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China’s Liaoning aircraft carrier heads to Western Pacific for drills

China’s first aircraft carrier has set off for the Western Pacific for an open-sea training exercise, the Defense Ministry said.
China’s Liaoning aircraft carrier heads to Western Pacific for drills

State media said it is the first time that the Liaoning has headed to “distant sea waters.” The statement said a navy formation including the Liaoning set off Saturday for training “in distant sea waters,” without giving details, as part of an annual training plan, Joinfo.com reports with reference to the South China Morning Post.

The Western Pacific region stretches from China to New Zealand and encompasses countries in the Pacific, Oceania and parts of Asia.

The Japanese Defense Ministry said it spotted the Liaoning as part of a fleet of eight Chinese warships that included destroyers and frigates, in the central part of the East China Sea for the first time. It said there was no incursion into Japanese waters.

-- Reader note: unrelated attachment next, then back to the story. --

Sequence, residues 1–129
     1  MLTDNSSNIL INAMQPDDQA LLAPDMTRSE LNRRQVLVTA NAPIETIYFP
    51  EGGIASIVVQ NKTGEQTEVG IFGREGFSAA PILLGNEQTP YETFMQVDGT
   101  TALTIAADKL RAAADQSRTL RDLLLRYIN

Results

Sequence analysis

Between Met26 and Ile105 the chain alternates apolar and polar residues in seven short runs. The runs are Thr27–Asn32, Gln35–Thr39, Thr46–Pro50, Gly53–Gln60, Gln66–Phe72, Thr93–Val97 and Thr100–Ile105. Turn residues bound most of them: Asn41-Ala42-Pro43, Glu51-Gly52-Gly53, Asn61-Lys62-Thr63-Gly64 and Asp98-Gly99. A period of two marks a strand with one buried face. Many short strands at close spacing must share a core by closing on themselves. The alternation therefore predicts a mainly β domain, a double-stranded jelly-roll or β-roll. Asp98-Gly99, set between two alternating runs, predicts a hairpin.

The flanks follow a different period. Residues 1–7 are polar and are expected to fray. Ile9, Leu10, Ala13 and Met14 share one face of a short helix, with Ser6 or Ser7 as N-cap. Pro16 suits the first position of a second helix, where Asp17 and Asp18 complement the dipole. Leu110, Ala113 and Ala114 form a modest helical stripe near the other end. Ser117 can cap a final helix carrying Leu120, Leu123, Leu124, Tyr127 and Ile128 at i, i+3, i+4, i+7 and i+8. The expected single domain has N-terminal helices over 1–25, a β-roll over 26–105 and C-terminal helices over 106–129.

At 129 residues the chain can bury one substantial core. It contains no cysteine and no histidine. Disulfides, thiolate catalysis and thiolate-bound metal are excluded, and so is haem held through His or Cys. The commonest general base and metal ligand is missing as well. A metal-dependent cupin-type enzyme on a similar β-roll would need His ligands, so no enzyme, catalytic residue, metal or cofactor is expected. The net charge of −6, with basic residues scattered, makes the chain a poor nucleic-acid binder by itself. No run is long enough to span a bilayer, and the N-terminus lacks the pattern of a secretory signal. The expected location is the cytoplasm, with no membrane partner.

The Western Pacific exercise comes amid new tension over self-ruled Taiwan, following US President-elect Donald Trump’s telephone call with the island’s president that upset Beijing.

According to CNN, Taiwan sounded a note of alarm, with its defense minister emphasizing the need for vigilance.

“The threat of our enemy is growing day by day. We should always be maintaining our combat alertness,” said Taiwan Defense Minister Feng Shih-Kuan.

On Tuesday, the carrier sailed through the disputed South China Sea and arrived at a naval base in the southern Chinese province of Hainan, according to the report.

Read also: China announced big plans to land on Mars by 2020.

China’s air force conducted long-range drills this month above the East and South China Seas, that rattled Japan and Taiwan. China said those exercises were also routine.

The Liaoning carried out its first live-fire exercise last week, with the military releasing video footage that showed Chinese J-15 fighters launching missiles and hitting targets.

The Liaoning, built from an incomplete hull bought from Ukraine in 1998, first sailed to the South China Sea in 2013.

Beijing has said the carrier would be used mostly for training and research as it prepares to deploy its first home-grown carrier, but it is widely viewed by analysts as a strategic piece in China’s increasingly assertive claims in the South China Sea.